Depending how you clean your enclosure, there can be some costs there (my steam cleaner was quite an expensive one-time cost, and I periodically have to replace my bottle of cheap white vinegar).
Vet bills should probably be listed. Even healthy chameleons have the cost of annual or at least occassional fecal floats
If you have a female, you likely have to buy a laying bin and sand/soil (periodically replacing the sand/soil).
If you consider your time a resource, there's a cost in that too! Time spent watching/admiring chameleon, time spent looking after bugs, time spent cleaning cages, etc.
Thank you for the comments, I knew I'd forgotten somethings. It's tricky listing everything you've purchased! I've spend so much on things like plant stands to raise plants up in cages and lots of things like that.

I'll update the list with the recommended additions.
Maybe a couple of total aproximate prices .Other than that its a great resource for new keepers researching!!
I thought about adding up totals, but there are so many variables and alternative options that I felt that it would be easier for any one interested in tallying up the specific options they would be using.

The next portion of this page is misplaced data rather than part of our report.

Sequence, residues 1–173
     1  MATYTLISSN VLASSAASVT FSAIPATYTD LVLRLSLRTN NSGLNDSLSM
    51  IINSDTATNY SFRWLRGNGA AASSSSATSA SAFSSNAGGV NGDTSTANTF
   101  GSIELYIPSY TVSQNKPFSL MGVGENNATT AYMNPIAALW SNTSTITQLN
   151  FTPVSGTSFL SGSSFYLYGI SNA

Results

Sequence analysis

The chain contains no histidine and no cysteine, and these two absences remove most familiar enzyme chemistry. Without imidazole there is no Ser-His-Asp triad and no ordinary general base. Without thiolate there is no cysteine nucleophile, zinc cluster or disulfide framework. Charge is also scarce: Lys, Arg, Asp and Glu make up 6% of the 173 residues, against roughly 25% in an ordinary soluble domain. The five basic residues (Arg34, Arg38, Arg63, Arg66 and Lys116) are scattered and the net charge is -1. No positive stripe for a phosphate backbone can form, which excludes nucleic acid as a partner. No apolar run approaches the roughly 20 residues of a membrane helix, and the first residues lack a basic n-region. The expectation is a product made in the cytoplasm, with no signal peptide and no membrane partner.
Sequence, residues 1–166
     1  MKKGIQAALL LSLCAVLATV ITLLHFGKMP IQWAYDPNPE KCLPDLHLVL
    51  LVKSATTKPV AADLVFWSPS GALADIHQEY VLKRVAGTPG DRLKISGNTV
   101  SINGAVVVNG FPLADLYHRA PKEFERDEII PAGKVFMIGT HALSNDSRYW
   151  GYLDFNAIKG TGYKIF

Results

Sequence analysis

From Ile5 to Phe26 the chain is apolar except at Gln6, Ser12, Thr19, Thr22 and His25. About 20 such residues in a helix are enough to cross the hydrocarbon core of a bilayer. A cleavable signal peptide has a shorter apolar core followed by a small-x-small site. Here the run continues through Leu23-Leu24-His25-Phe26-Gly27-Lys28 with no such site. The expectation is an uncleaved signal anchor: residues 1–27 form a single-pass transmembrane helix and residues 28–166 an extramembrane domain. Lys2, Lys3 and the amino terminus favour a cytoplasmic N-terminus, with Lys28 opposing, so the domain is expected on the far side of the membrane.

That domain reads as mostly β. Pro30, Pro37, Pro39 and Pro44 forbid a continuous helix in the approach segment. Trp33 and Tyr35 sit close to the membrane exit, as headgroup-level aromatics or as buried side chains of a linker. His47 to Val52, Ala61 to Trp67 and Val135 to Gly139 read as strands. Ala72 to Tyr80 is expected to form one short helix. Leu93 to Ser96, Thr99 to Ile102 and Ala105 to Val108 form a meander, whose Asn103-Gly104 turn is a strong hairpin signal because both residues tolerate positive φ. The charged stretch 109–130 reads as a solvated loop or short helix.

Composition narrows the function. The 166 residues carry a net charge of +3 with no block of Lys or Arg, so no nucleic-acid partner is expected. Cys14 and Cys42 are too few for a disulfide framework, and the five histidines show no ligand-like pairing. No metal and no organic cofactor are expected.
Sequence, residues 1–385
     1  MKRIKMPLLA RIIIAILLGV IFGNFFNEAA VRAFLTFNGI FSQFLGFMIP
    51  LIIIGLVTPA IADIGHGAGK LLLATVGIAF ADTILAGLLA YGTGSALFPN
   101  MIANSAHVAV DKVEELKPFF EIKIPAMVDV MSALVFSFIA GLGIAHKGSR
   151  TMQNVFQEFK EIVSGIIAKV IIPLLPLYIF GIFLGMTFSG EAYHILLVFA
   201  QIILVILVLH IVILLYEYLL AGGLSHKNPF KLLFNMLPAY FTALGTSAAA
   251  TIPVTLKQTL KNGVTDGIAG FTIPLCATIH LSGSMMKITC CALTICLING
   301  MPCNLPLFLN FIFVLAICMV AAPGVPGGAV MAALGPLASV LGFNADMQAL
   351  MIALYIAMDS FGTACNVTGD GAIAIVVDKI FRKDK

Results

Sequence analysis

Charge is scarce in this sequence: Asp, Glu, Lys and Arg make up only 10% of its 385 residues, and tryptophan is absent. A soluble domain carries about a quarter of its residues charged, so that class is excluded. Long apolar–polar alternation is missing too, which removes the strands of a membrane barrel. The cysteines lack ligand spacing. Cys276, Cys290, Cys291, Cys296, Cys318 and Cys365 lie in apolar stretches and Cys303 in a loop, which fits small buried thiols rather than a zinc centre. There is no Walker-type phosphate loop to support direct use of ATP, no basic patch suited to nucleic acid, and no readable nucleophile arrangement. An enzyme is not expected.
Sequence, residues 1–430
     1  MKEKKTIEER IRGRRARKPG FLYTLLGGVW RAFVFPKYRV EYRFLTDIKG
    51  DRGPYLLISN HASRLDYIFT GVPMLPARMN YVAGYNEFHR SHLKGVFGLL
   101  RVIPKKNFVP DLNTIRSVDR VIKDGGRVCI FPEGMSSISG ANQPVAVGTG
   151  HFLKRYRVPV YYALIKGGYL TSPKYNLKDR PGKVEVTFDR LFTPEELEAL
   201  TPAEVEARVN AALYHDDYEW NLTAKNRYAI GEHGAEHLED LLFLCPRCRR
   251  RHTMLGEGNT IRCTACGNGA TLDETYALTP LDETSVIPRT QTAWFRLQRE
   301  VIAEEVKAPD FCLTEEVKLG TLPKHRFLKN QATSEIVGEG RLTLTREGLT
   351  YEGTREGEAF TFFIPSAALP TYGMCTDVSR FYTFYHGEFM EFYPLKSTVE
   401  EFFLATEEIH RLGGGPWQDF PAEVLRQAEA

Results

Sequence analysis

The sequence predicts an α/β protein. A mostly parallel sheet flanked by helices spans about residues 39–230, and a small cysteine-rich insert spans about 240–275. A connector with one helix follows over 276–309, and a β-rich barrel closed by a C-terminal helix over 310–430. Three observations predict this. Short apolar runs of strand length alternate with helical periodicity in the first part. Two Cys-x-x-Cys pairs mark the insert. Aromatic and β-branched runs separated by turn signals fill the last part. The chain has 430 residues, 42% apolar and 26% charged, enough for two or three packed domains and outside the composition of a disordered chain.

if i had seen this before i purchased my cham, i would have gotten scared. however it was well worth it! and im looking for a panther to add to my collection
It does sound scary, doesn't it? But it's true, at the end of the day to do this thoroughly you need a lot of things. At least in my situation and for how I do things.
Thank you!
Ah if only we got paid for the amount of hours we spend on them! But it varies so much from one person to another that it would be impossible to quantify an average. But I could make a blog about what a possible schedule looks like on an average day.
This is a very good blog! I will use it to refer a new potential buyer when my babies are born. :) a lot of people don't realize how quickly the cost of a chameleon adds up!
if i had seen this before i purchased my cham, i would have gotten scared. however it was well worth it! and im looking for a panther to add to my collection
They have them at Largo, Florida 8wks. old at the reptile place.
Great job. I would highly suggest this forum to anyone interested in owning a chameleon. Although, this is probably at almost the minimum- I'd say I've spent up to $1200 on enclosures (baby and adult combined) plus the plants and mistking.
I believe I calculated around $500 per habitat. I'm glad I rounded up in my calculations because if I'm going to be getting a chameleon I'll want those extra funds for whenever necessary.